Dine and dance ... Vegas style

Dine and dance ... Vegas style

LAS VEGAS -- Dinner and a show. In modern Las Vegas, a Sin City that has successfully re-constructed and re-invented itself despite the economic downturn, a romantic night out is often first-class. Both on the stage and on the plate.

"Las Vegas is now a destination point for a world-class, fine dining experience," says Lauren Bower, public relations manager for the elegant Wynn Las Vegas, one of the most upscale of all Vegas hotels. She is talking both about Las Vegas as a whole -- the self-appointed Entertainment Capital of the World -- and about her hotel specifically.

In one of nine restaurants at the Wynn, chef Paul Bartolotta makes a foodie's dream come true at the Bartolotta Ristorante de Mare that bears his name. It rates extremely highly among food critics for its cuisine, service, ambiance and wine list. Live seafood is flown in daily from the Mediterranean. The al fresco-designed dining room overlooks a courtyard featuring a lagoon and dancing fountains bathed in light.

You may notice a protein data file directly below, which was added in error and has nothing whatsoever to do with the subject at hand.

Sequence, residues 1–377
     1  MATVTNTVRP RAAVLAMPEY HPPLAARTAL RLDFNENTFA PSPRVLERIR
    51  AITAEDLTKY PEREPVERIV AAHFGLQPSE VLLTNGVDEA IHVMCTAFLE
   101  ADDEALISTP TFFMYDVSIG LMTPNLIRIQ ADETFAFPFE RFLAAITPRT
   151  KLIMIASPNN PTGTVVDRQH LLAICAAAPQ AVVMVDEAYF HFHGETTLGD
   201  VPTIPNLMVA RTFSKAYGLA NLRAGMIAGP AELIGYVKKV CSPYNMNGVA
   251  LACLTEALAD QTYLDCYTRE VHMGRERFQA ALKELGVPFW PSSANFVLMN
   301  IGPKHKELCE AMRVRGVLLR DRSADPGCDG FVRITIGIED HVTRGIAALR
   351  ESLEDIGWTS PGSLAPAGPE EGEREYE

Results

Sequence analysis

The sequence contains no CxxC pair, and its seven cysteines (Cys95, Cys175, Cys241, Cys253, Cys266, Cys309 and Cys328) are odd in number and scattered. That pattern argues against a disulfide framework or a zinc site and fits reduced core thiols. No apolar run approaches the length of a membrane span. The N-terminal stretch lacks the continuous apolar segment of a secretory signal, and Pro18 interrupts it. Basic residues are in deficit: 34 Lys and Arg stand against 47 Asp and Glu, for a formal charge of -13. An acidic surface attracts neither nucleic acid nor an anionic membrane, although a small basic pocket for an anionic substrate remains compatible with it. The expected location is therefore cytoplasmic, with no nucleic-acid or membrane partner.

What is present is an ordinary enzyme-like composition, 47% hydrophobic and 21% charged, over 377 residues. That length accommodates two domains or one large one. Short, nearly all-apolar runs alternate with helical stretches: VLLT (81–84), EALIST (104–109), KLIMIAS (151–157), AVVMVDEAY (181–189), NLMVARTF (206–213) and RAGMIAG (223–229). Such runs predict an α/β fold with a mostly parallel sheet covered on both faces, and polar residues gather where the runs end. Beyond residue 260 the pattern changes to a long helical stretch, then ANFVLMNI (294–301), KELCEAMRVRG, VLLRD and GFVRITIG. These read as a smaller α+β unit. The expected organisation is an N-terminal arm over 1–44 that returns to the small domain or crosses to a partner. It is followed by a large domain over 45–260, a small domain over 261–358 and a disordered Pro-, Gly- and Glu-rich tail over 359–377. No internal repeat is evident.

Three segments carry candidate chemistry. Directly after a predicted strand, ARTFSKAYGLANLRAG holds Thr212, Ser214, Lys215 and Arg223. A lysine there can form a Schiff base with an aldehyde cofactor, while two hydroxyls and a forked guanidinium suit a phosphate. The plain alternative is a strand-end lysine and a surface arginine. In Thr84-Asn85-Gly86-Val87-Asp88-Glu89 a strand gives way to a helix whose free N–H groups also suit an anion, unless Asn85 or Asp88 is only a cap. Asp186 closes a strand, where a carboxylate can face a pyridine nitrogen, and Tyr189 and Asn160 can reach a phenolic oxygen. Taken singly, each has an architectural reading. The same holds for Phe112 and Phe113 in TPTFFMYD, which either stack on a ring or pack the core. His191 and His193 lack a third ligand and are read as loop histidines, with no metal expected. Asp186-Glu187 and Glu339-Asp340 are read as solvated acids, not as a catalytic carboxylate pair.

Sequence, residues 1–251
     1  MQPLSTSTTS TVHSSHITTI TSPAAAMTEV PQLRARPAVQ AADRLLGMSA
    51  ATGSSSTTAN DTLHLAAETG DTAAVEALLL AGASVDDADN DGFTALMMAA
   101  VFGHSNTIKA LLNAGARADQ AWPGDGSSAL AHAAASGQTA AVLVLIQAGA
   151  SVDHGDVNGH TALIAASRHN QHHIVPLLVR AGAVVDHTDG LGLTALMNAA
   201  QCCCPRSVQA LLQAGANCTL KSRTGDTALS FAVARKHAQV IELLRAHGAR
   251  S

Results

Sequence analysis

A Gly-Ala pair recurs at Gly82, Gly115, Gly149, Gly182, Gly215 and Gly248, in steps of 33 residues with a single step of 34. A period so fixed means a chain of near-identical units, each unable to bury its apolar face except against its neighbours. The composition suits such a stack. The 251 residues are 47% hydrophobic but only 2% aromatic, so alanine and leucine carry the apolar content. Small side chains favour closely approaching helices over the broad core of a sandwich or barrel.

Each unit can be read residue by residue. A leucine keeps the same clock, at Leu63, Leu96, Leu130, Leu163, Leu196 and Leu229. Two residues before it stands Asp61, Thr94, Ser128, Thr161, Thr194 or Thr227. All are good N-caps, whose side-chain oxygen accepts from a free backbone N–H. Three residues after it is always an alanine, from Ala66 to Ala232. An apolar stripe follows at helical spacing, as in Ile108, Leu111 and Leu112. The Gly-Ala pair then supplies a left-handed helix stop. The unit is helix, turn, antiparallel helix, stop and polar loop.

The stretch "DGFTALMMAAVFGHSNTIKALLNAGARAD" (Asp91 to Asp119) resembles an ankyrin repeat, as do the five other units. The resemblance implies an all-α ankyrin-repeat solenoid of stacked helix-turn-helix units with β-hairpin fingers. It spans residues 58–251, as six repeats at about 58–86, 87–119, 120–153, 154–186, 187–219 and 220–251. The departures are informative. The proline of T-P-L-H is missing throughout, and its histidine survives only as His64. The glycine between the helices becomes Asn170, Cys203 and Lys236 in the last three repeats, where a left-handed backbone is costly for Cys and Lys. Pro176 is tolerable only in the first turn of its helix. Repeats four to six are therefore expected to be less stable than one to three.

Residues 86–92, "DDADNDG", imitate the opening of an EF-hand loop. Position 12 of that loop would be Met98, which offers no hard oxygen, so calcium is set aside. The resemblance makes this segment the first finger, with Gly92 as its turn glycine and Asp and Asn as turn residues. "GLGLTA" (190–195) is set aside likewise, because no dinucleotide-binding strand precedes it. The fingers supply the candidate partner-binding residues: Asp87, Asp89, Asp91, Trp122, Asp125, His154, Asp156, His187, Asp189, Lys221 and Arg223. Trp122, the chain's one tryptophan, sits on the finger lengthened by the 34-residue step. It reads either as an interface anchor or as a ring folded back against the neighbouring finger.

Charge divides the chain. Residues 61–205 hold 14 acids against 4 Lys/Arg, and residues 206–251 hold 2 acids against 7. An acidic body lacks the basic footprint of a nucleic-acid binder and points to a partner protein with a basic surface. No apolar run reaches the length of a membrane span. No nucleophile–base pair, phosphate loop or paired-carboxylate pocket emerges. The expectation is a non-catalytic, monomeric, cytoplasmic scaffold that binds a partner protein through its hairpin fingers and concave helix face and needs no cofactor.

It may be an illusion, but at least an echo of the Italian Rivera is alive here -- and your tastebuds sense that the illusion is real in the food. Plus, for all its posh, the restaurant is welcoming and never intimidating to visitors.

Bartolotta Ristorante de Mare is the kind of establishment that signals the death knell of the infamous all-you-can-eat Vegas buffet, which apparently originated as a lure for bettors to linger longer at the El Rancho in the 1940s. While it still does thrive in some of the second-rate joints, the buffet is now just a secondary choice or a quick convenience in the major hotel-casinos. Anyone with a real passion for quality cuisine bypasses the buffets and goes to the best restaurants, many housed inside those hotel complexes.


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